And if he has to drop, say History, does it really matter that much?

TheReluctantBride Sat 20-Jun-15 19:59:38

another issue for the school is that he want sit his gcses next year as he is supposed to and so the school will get a pupil with no qualifications on their results which impacts on league tables etc. Not very fair on your son I know

Summerwood1 Sat 20-Jun-15 20:24:26

He really does want to achieve though. I guess what will be,will be! We will just do what we think is best for him and if he can't retake the year it won't be the end of the world! Thanks for all your help and advice.

SunnyBaudelaire Sat 20-Jun-15 20:25:57

good boy you have there summerwood - do not forget to remind that if he 'fluffs' any GCSEs he can retake later....

welshpixie Sat 20-Jun-15 21:05:46

Would the school allow him to sit a lower number of subjects. In our school we have just done this for one student who had to move at the beginning of year 11. She has done 6 subjects instead of the usual 11, and has spent the lessons she is not in class self studying. It will depend if your son will work independently. It may also show the school that although he may have problems he is willing to work hard to catch up. Good luck.

Whichseason Sat 20-Jun-15 21:14:26

They do get funding for under 19s but the goverment decided it was unfair that sixth form got the same amount of funding as an under 16 year old student when a college received less money so they reduced the money per student in sixth forms.

Summerwood1 Sat 20-Jun-15 21:41:27

Thank you everyone. Mumsnet people can be so friendly and helpful.

Essexmum69 Sun 21-Jun-15 10:05:39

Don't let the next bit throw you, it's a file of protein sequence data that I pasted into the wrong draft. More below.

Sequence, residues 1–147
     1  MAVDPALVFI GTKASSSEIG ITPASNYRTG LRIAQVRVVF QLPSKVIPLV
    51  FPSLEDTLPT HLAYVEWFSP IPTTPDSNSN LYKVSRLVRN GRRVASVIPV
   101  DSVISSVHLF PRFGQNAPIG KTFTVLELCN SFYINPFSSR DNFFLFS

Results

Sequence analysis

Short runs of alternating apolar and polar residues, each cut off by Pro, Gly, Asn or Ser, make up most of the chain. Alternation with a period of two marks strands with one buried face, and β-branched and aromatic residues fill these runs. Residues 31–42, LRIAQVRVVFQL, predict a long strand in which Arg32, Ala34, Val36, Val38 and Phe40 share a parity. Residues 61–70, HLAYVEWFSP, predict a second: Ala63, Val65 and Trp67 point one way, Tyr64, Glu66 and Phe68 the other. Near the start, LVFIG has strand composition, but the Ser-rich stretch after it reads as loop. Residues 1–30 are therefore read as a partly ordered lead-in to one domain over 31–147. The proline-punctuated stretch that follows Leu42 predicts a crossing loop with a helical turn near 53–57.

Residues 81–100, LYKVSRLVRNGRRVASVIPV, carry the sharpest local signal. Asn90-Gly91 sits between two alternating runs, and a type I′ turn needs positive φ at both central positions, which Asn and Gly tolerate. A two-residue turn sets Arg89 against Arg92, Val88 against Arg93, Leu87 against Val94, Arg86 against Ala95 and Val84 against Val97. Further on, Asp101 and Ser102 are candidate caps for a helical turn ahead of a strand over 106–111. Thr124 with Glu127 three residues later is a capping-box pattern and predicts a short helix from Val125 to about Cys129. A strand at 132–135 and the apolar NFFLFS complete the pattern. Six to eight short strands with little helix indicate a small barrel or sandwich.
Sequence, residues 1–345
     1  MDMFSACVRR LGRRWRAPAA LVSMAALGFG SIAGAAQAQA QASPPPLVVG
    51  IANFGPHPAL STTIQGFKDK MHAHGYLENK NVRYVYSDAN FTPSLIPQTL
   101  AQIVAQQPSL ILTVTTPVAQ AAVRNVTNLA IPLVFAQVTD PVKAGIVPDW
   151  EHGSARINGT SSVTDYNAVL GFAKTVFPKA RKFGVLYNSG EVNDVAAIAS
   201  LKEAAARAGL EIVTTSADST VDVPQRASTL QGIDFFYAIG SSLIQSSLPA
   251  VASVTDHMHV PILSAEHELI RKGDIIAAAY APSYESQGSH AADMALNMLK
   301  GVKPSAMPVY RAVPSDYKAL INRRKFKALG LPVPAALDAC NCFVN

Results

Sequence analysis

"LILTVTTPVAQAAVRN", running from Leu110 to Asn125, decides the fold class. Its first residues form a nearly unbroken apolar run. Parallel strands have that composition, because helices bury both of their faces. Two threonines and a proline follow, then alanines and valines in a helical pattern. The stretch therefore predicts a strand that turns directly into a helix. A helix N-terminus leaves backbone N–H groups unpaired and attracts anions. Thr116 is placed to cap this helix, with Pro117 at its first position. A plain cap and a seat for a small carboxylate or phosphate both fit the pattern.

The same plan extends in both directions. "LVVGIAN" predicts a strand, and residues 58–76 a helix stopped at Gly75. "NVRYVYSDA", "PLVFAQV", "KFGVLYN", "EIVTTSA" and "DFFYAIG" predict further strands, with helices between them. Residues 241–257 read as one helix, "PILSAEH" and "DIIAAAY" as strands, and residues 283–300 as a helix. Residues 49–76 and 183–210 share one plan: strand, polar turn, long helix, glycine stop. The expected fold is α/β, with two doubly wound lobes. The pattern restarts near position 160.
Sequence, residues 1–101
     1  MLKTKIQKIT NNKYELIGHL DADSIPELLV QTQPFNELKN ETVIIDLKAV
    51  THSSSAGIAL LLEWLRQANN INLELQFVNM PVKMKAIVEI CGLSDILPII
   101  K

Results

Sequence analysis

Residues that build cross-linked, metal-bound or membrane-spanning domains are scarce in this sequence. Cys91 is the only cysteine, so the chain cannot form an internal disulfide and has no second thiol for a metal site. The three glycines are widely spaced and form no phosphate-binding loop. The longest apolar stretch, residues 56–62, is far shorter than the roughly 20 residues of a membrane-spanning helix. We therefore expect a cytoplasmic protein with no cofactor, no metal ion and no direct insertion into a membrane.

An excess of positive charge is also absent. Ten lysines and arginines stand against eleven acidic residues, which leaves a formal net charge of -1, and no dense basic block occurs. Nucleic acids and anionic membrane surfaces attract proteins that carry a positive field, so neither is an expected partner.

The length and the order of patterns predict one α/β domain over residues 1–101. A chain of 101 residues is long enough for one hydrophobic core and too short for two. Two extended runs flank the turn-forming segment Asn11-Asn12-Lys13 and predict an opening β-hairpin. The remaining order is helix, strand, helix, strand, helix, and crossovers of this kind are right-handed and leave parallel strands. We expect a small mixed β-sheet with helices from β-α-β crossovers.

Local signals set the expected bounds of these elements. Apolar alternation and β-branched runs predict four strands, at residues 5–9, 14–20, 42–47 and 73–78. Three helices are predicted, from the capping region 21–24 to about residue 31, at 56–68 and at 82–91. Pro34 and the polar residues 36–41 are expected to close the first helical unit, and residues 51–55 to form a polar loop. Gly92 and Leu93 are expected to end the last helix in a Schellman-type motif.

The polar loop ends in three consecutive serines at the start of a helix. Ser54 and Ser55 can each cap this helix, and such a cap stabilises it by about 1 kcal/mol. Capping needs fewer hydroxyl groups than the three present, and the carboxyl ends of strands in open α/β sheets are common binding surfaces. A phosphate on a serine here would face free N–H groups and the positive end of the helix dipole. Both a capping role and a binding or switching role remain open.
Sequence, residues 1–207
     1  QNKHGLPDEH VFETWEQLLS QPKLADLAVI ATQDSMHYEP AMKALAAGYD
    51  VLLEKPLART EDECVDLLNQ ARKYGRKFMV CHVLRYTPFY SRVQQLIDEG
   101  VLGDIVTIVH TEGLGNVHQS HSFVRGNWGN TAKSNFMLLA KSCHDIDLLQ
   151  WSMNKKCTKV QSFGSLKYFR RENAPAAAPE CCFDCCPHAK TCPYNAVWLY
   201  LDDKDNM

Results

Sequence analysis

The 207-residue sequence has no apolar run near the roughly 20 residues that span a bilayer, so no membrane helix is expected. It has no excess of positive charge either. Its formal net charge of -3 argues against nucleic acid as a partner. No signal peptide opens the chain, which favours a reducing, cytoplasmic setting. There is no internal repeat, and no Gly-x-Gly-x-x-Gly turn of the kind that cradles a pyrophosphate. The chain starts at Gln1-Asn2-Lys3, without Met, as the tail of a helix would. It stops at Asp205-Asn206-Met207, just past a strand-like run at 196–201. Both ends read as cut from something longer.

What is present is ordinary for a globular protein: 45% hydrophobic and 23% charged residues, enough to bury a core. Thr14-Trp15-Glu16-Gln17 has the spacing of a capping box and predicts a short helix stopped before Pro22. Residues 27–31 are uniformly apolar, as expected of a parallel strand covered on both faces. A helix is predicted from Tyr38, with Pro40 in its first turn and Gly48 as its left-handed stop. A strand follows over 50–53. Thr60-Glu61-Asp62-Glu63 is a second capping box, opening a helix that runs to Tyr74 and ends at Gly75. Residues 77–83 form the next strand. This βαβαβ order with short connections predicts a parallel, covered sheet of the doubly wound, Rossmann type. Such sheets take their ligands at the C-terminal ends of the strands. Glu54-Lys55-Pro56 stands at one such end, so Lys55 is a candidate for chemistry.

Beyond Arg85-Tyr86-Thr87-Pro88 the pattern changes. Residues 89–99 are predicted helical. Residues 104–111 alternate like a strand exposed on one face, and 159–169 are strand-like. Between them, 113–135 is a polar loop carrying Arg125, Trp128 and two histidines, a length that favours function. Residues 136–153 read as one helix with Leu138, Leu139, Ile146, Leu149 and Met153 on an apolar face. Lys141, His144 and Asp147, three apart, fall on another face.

A friends son restarted year 11 in a state school after missing the majority of a year due to health reasons. He did not count in the league tables for his correct year group, as he had already been re-registered in the year below, so that is not the issue. The funding is also not an issue as children can be placed in the wrong year group if there is a good reason (summer birthday children who successfully get placed in the year below do not run out of funding once they reach year 11! )
Either this is the school concerned about setting a precedent, or it is connected to the change in gcse syllabus. Who is that has said no, HOY, headteacher, LEA or the governors?

Molio Sun 21-Jun-15 10:19:55

Summerwood it seems extremely odd that the school won't consider it. From what you've said, it seems by far the most sensible option, especially if he's been moving schools during Y10. I certainly know that there have been students repeating a year at our school if there's been a significant need. If I were you I'd be fairly insistent that a proper conversation is had at the very least and at the highest level - it seems absolutely appropriate in the circumstances. The school is there to do its best by your son, and if his best interests are served by repeating the year, then that's exactly what should happen - no buts.

noblegiraffe Sun 21-Jun-15 18:27:43

If he does repeat the year then he will be in the first year group to take the new, harder, English and maths gcses. The pass grade for these new GCSEs will be set higher than the current GCSE (more like a low B). If he is likely to be a C/D borderline pass, I would strongly recommend putting him through with his current year group so that he can take the old GCSEs. If he could drop some subjects to catch up in the important ones (pupil premium money could fund tutors), then I would seriously consider this over retaking Y10. Most schools will have already started teaching the new GCSE maths course in Y9 so he would have to catch up missed work there anyway.